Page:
By Quentin Choy
I remember being afraid that an actual hot war would take place between the United States and Iran a few years ago. Being at the prime age for the military draft, I was greatly concerned. I wrote to my Congressman Ed Case, trying to figure out what Congress was doing to get the situation under control.
I clearly remember thinking to myself, how did we get to this point? In this post, we’ll explore a timeline of events that deteriorated the U.S.-Iran relationship to a breaking point.
1953: The C.I.A. launches a coup in Iran, overthrowing democratically elected PM Mohammad Mosaddegh following plans to nationalize Iranian oil. The Shah takes power and is friendlier to the West.
1963: The Shah launches the White Revolution, enacting large-scale social reforms including voting rights for women, nationalization of resources, profit sharing, and land reform.
Many rural, conservative, and clerical Iranians felt dissatisfied with the Shah’s far-reaching reforms.
1977: President Jimmy Carter hosts the Shah in the United States. Conservative Iranians despised the Shah’s forced westernization and secularization of Iranian society.
1979: Conservative Iranians grow tired of the Shah and act in active hostility toward his government. The Iranian Revolution takes place, causing the Shah to flee Iran.
Ayatollah Ruhollah Khomeini returns from exile and becomes Iran’s first Supreme Leader.
The first U.S. sanctions are applied to Iran.
President Jimmy Carter allows the Shah to receive life-saving medical treatment in the United States, angering many Iranians.
Iranian college students kidnap 52 Americans at the U.S. embassy in Iran. Students cited the U.S. role in the 1953 coup and the western embrace of the dictatorial Shah as causes for the Iranian hostage crisis.
The hostage crisis would create some of the longest-lasting scars for US.-Iran relations.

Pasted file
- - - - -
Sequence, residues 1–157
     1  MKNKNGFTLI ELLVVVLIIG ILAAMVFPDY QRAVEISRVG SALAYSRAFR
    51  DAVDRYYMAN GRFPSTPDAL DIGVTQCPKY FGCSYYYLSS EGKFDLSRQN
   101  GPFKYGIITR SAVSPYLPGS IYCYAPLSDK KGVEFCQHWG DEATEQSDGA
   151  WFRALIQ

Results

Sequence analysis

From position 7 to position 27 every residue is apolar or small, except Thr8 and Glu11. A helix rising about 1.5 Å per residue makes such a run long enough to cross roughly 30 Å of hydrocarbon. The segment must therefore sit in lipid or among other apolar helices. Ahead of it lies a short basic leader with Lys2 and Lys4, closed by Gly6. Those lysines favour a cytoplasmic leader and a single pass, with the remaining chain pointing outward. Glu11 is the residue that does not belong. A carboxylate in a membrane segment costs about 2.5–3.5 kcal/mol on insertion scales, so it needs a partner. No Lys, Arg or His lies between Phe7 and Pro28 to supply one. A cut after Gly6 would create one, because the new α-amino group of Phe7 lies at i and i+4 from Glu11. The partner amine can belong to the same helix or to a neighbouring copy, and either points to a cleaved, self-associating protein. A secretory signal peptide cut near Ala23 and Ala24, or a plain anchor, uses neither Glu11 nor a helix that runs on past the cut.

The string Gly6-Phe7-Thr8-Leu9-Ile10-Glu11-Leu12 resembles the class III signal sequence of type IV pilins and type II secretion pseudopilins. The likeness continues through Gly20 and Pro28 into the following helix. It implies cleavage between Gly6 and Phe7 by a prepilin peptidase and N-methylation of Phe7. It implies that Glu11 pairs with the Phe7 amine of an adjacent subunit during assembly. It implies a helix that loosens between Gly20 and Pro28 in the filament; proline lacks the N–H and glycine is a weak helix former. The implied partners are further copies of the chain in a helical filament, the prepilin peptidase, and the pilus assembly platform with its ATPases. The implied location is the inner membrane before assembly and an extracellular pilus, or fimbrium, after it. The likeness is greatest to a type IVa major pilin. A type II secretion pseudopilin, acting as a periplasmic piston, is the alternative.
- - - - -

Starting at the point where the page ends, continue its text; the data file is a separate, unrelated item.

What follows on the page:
1980: The U.S. supports Saddam Hussein’s Iraq in the Iran-Iraq War. American support for Iran’s enemy worsened relations between the U.S. and Iran.
1983: Militants believed to be affiliated with Iranian-backed Hezbollah bomb an American barracks in Beirut, Lebanon killing 241 military personnel.
1985: The Iran-Contra affair shakes Washington. The Reagan administration had been selling weapons to Iran who was placed on an arms embargo to fund the right-wing Contras in Nicaragua.
Arms sales by the U.S. to the Contras had already been banned.
1988: The USS Vincennes shoots down Iran Air Flight 655, killing all 290 people on board.
1989: Ayatollah Khomeini dies. Ali Khamenei becomes 2nd Supreme Leader of Iran.
2002: President George W. Bush groups Iran with North Korea and Iraq as an “Axis of evil.” Many Americans begin to view Iran even more unfavorably.
2014: The civil war in Yemen becomes a proxy war between Saudi Arabia and Iranian-backed Houthi rebels. The U.S. ultimately supports its ally Saudi Arabia in fighting Iran.
2015: The Obama administration, international partners, and President Hassan Rouhani establish the Iranian Nuclear Deal, limiting Iran’s potential of creating nuclear weapons in exchange for relief of sanctions.
2018: The Trump administration abandons the Iran Nuclear Deal, citing that it fails to restrict nuclear weapons access and regional power.
2020: Donald Trump orders a drone strike, assassinating Iranian General Qasem Soleimani. U.S.-Iranian relations reach a low point. Iranians retaliate by launching missiles at U.S. bases in Iraq.
The Iranian military shoots down Ukraine International Airlines Flight 752 killing all 176 onboard.
2021: Hardliner Ebrahim Raisi wins the Iranian presidential election.